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WARNING: 5-MeO-DMT is not a valid substitute for DMT.

Despite what their names might suggest, 5-MeO-DMT and DMT have distinct effects and risk profiles and should be regarded as completely separate entities. Please see this this section for more information.

Summary sheet: 5-MeO-DMT
Chemical Nomenclature
Common names 5-MeO-DMT, The God Molecule, Toad, Jaguar
Substitutive name 5-Methoxy-N,N-dimethyltryptamine
Systematic name 2-(5-Methoxy-1H-indol-3-yl)-N,N-dimethylethanamine
Class Membership
Psychoactive class Psychedelic
Chemical class Tryptamine
Routes of Administration

WARNING: Always start with lower doses due to differences between individual body weight, tolerance, metabolism, and personal sensitivity. See responsible use section.

Threshold 1 mg
Light 3 - 6 mg
Common 6 - 12 mg
Strong 12 - 20 mg
Heavy 20 mg +
Total 20 - 40 minutes
Onset 5 - 60 seconds
Come up 30 - 60 seconds
Peak 5 - 15 minutes
Offset 10 - 20 minutes
After effects 15 - 60 minutes

Threshold 3 mg
Light 5 - 8 mg
Common 8 - 15 mg
Strong 15 - 25 mg
Heavy 25mg+
Total 2 - 3 hours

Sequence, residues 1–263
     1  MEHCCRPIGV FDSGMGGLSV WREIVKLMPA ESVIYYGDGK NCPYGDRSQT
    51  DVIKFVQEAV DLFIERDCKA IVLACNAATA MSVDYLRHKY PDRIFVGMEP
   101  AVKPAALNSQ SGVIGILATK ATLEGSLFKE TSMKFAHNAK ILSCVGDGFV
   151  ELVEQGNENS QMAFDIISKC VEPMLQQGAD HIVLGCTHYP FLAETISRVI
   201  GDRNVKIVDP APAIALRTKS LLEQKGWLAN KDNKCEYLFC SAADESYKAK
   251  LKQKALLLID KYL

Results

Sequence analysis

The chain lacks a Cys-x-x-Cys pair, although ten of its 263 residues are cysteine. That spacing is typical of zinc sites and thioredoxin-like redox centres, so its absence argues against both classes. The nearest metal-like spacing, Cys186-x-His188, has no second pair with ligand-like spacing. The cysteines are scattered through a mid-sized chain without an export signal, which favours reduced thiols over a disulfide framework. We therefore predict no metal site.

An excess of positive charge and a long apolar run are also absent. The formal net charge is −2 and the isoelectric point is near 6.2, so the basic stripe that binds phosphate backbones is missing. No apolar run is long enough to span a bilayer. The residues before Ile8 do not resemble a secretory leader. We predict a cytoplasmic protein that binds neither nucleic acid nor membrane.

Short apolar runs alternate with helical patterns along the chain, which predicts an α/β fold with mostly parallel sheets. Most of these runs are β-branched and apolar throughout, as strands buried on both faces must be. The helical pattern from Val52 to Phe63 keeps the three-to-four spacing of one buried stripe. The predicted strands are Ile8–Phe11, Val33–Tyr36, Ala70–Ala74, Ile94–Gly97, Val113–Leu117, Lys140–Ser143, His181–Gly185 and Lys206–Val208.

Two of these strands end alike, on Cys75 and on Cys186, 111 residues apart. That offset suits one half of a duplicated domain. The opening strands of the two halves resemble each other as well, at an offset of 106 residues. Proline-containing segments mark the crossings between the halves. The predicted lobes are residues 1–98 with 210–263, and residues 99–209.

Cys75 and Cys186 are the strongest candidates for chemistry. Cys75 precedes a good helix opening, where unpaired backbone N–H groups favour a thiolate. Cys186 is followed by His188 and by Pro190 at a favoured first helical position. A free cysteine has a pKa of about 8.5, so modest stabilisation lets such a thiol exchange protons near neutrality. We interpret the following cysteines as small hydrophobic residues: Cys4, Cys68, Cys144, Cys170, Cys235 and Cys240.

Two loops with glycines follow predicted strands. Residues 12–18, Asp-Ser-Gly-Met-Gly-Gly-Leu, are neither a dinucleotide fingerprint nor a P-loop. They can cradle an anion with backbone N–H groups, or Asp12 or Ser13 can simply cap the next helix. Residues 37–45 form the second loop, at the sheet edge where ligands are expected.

Onset 1 - 10 minutes
Peak 10 - 40 minutes
Offset 30 - 60 minutes
After effects 1 - 3 hours

DISCLAIMER: PW's dosage information is gathered from users and resources for educational purposes only. It is not a recommendation and should be verified with other sources for accuracy.


5-Methoxy-N,N-dimethyltryptamine (also known as 5-MeO-DMT) is a naturally-occurring psychedelic substance of the tryptamine class. It is structurally related to DMT and 5-HO-DMT (bufotenine) and is reputed to produce the most powerful and intense psychedelic states within the entire class. 5-MeO-DMT produces its effects by binding to serotonin receptors in the brain, although the precise mechanism is not known.

It is distributed in a wide variety of plant species as well as in the venom of a single toad species (Bufo Alvaris).[citation needed] Although little is known about its history, it is believed to have been used in South American shamanic practices for centuries.[citation needed] In modern times, both the extracts of the toad venom as well as synthetic powder form are used, primarily via vaporization.

The synthesis and psychoactive effects were documented by Alexander Shulgin in his 1997 book TiHKAL ("Tryptamines I Have Known and Loved"). Recent studies have demonstrated its capacity to induce mystical experiences[1] and there is growing interest in exploring its potential therapeutic effects.[citation needed]

Subjective effects include unity and interconnectedness, time distortion, conceptual thinking, euphoria, and ego loss. 5-MeO-DMT's psychedelic effects are best compared to DMT in terms of intensity (extreme) and duration (very short). However, it generally lacks a visual geometry component and tends to produce more physical euphoria as well as even stronger transpersonal or mystical-like effects (e.g. ego loss) than DMT.